To protect our Wildlife we must conserve our Wilderness and for our Wilderness to be meaningful our Wildlife must be able to roam free within it.

The Gal Oya Research Station


The Jim Edwards Research and Conservation Station is situated within the property of the Gal Oya Lodge and is set up in memory of the late Jim Edwards of Tiger Tops, Nepal.  WWCT was invited to be the primary scientists in residence at this Research Station and we have now begun work within this patch forest.  The main scope of our work here will be twofold:
  1. To monitor biodiversity and wildlife movements in and around this patch forest and document changes with time, as the environment is regenerated. This fits in well with WWCTs forest connections project, whereby the importance of small patch forests are documented and monitored for leopard and other wildcat presence.  Forest connectivity for wildlife between these patch forests and larger forested areas, both protected and unprotected, are also improved. 
  2. To establish a leopard population survey within the larger Gal Oya/Nilgala complex.  
 
Very little research work has been conducted in this important and little studied wilderness area of Sri Lanka. WWCT is glad to have a base and partnership with the Jim Edwards Research and Conservation Station to begin this important work.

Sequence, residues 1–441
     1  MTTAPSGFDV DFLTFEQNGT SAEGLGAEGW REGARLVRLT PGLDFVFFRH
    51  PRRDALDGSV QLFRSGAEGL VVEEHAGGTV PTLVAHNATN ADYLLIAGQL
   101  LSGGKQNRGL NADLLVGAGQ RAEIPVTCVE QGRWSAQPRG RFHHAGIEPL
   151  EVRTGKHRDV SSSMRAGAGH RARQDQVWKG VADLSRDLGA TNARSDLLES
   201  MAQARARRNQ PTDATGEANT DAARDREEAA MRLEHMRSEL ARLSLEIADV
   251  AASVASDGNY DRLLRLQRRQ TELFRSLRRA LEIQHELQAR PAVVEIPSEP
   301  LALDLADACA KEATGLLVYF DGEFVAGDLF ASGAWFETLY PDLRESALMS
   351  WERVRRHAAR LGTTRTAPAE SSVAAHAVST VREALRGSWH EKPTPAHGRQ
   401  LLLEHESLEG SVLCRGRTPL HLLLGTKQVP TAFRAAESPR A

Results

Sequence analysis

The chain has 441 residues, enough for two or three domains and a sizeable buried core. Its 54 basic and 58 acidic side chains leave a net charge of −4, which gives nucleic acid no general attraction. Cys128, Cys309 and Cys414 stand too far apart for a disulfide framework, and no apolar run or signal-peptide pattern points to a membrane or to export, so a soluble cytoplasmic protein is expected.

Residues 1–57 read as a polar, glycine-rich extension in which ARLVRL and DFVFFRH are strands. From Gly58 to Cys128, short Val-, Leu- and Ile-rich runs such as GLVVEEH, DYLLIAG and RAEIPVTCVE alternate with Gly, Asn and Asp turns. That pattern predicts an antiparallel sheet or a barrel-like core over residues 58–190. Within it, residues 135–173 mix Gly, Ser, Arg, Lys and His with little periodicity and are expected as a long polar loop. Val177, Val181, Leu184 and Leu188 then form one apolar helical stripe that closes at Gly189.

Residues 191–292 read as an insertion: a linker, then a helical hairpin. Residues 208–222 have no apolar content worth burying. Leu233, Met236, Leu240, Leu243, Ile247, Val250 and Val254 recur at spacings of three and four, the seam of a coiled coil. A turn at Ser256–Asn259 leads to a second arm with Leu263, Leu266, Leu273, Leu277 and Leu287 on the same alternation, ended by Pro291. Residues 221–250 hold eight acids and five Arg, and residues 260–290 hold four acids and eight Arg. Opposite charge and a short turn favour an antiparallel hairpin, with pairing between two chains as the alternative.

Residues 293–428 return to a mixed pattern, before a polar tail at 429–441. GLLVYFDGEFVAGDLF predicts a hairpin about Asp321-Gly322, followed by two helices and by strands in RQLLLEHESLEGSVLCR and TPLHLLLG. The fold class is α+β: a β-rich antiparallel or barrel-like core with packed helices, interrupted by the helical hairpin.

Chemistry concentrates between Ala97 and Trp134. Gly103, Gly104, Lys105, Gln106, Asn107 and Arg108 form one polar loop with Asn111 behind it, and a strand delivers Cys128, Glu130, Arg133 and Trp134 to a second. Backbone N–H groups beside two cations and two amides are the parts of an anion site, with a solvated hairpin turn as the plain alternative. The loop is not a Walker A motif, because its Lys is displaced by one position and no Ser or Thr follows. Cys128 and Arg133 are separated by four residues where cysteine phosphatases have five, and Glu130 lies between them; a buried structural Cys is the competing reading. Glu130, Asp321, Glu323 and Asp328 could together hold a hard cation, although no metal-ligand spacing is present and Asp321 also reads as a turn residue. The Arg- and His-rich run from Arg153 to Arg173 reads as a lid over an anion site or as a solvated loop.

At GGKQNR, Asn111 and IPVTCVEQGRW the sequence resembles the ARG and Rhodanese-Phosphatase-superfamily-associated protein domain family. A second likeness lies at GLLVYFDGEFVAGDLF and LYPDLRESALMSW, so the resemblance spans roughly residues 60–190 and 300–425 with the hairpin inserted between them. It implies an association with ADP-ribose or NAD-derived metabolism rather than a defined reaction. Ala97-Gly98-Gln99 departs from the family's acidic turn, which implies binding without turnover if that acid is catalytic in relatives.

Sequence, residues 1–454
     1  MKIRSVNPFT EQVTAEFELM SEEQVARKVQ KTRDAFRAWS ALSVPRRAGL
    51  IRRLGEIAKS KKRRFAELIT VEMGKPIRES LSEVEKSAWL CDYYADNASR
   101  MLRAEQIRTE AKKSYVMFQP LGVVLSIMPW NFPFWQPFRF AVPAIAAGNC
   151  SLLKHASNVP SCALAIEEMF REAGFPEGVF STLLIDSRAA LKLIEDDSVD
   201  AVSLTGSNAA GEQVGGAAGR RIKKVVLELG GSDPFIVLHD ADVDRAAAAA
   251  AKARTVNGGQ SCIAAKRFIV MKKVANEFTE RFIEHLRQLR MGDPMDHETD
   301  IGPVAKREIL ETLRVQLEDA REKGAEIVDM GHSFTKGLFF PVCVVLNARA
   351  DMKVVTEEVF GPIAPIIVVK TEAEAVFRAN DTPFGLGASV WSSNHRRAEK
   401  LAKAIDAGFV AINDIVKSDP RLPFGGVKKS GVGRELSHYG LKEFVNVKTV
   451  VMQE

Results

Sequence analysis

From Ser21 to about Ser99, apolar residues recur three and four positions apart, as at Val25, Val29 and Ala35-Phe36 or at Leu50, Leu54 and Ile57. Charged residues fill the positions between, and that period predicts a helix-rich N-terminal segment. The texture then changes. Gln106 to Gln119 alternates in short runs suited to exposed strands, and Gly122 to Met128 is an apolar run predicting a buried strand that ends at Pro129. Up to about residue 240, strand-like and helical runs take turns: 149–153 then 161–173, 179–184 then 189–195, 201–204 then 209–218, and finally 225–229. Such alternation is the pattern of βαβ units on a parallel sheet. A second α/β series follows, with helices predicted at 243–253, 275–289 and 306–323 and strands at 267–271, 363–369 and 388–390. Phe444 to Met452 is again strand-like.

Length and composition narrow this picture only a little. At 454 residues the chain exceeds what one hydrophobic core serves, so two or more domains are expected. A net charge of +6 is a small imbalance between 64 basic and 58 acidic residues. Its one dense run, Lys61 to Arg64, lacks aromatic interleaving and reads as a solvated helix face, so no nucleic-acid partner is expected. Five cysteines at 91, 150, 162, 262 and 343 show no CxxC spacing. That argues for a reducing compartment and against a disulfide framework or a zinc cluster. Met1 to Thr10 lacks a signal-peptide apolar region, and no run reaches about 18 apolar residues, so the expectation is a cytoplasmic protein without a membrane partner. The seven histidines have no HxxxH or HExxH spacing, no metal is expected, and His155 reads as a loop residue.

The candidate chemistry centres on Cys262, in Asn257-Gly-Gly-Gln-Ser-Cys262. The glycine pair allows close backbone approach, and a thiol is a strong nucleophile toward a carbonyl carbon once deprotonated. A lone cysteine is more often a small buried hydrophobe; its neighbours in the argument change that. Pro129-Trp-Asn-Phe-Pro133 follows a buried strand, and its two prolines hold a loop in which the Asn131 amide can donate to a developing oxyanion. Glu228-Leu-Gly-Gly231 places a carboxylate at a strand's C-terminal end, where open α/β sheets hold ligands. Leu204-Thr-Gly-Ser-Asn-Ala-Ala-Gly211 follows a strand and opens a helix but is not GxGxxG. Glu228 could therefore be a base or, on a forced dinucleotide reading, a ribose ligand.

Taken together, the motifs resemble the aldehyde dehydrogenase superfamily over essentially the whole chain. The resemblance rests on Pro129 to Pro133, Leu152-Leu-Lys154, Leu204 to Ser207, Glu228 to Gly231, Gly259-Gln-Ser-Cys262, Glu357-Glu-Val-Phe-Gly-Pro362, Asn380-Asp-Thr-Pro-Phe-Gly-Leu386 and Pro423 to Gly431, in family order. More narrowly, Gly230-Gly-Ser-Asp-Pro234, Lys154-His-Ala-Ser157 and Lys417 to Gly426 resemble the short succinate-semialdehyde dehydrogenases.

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View over the waste wilderness of the Gal Oya Complex.                       Images courtesy Gall Oya Lodge

The protected areas within the Gal Oya complex, which was established in 1954, are Gal Oya National Park (25 900ha), Senanayake Samudraya Sanctuary, Gal Oya valley north-east Sanctuary, and Gal Oya valley south-east Sanctuary covering 63 000ha of land.  Forming a vital watershed around the Senanayake reservoir this area of Sri Lanka holds unique forest assemblages with habitats resembling Savannah.  A larger mixed wilderness/plantation/chena landscape surrounds the protected area and an elephant corridor has been demarcated to connect this area with Maduru Oya complex to the north-west.  Understanding how wildlife with a focus on the leopard are using these corridors would be an important finding for long-term conservation planning.  
 
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